Decluttering Books

Decluttering a library is …..  Nasty.

I’m an academic.  I’m married to an academic.  Who was married to a school teacher…..

Recently, my husband ran an errand to the hospital.  While waiting, I noticed a cart full of 50-cent used quick reads.

“Yes,” explained the shopkeeper, “Folks coming in for outpatient procedures don’t realize how long they’ll be waiting.  The book rack raises money that we use for supplemental equipment the doctors need….”

Weren’t we just speaking about turning clutter into blessings!!!!

With my husband’s help, three boxes of mysteries and romances aroused themselves from deep storage and drove across town.

Before I retired I would leave stacks of battered science fiction, like mewing kittens, in the computer science students’ study lounge.  Maybe it was the students or maybe the housekeeping staff took them in…

Textbooks and self-help books with private notes, explanations of exercises, handwritten charts displaying various kinds of progress, doodles scrawled in margins, are as sacred, or useless, as old diaries.  Except for a very few keepsakes I discard them securely via shredder or dump.

Sometimes we’re lucky enough to have access to used book stores that will offer credit for some used books.  Some libraries will cheerfully accept your discards but others won’t and some will only take them at certain times.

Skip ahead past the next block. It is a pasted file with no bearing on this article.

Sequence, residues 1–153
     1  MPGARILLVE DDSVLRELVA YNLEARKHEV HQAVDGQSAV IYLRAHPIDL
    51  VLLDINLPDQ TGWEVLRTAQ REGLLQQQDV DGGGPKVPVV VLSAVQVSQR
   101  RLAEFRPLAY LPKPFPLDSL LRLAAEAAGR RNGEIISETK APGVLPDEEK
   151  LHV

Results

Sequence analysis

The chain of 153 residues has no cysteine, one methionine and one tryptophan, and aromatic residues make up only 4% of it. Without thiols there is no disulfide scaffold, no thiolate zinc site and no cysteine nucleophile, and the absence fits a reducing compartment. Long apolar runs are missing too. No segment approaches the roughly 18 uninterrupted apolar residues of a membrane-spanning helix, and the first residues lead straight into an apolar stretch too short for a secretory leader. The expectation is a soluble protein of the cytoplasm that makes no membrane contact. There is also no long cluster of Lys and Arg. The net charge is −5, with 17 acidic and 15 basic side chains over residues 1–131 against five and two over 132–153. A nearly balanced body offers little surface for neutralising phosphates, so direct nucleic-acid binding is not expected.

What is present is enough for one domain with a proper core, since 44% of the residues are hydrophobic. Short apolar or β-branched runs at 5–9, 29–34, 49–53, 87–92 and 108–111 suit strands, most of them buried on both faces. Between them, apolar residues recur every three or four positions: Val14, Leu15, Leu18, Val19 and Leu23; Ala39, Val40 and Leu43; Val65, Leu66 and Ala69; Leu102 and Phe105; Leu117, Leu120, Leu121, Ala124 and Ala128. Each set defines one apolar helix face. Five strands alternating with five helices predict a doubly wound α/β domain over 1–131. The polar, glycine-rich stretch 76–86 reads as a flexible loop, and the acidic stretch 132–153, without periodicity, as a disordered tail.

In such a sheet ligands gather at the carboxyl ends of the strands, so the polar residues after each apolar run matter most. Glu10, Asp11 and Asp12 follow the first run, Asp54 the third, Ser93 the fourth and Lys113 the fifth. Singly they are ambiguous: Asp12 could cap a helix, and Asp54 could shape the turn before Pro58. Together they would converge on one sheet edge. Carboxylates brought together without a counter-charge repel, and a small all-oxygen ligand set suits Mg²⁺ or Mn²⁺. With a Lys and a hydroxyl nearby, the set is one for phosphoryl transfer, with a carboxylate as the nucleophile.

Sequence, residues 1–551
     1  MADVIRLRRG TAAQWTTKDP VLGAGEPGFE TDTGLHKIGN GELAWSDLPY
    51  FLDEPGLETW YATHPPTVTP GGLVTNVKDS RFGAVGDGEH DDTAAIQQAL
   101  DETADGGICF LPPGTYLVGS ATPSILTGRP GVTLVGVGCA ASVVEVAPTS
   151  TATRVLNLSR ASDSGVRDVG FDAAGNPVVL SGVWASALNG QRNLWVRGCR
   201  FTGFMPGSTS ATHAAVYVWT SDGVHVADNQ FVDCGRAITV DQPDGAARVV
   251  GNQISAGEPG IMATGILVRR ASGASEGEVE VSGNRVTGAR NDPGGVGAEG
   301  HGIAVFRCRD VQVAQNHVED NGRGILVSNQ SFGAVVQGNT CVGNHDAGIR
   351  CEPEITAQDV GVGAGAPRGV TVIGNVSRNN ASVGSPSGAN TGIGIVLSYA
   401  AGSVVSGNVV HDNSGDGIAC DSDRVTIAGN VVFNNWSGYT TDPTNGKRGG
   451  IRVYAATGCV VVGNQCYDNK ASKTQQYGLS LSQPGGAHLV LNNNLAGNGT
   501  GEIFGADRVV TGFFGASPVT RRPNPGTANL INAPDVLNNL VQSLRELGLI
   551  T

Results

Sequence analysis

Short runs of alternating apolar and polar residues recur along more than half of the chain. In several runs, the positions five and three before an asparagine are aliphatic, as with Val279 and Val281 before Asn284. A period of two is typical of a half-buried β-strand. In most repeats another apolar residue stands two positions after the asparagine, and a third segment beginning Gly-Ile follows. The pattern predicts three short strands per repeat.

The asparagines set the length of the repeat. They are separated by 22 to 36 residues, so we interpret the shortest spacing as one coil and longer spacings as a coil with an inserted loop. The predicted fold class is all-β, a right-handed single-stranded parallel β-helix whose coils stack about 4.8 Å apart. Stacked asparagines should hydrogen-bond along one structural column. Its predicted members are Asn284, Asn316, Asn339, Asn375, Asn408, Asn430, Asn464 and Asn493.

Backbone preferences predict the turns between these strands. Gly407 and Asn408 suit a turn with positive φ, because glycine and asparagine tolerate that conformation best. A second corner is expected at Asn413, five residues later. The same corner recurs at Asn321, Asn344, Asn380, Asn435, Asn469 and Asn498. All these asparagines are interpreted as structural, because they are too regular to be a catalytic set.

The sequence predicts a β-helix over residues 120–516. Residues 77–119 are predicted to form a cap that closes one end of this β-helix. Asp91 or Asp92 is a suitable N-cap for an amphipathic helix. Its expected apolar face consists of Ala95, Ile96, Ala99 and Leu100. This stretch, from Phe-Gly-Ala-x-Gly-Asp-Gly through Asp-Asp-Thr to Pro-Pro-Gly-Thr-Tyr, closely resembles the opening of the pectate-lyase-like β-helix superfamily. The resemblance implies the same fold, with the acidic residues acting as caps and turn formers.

In general, old editions of undergraduate textbooks are unwanted there.  But old texts are amenable to the superfluous kitten technique.  I left mine in a heap marked “free” and in no time graduating education majors snatched them up.  Just in case.  Students.  Wonderful consumers of free stuff.  Never forget their voracious capacities!

But my favorite discovery was two possible book decluttering options available through Amazon.

On the one hand anyone may set up as a vendor and use the unwanted books as the initial stock.  I have friends who do vend through Amazon for extra cash.  There are comprehensive guidelines available on Amazon’s website and loads of material and stories in various blogs about how to do this well.

On the other hand, if Amazon believes any of your books can be resold, they will offer to take them as trade-ins for a gift card credit.  They provide a postage paid UPS label and give a time window for sending the books in.  Once Amazon has approved the books you’ve sent, they tack the credit onto your account.

Here’s how you begin.

  • Sign in to our Amazon page and click on “My Account.”
  • From the righthand panel select “Your trade-in account.”
  • From the top righthand panel select “Submit your trade-ins.”
  • There is a button marked “Search for items to trade in.” Type in the ISBN of the first item you want to submit.
  • From here, you enter a conversation with the database about your situation.

You are likely to be disappointed about the absolutely wonderful books Amazon won’t accept; or by the pittance of the credit they offer for the ones they do; or frustrated by having to ask about each item at a time.  But I was delighted to remove boxes and boxes of books from my house at no cost to myself for a bit of credit which I used later for birthday presents.

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Author: American Declutterer

I've had three careers, moved among thirteen states, and cleared four houses after loved ones moved on. Sometimes you just have to look at all the stuff and laugh. Then get back to discarding.

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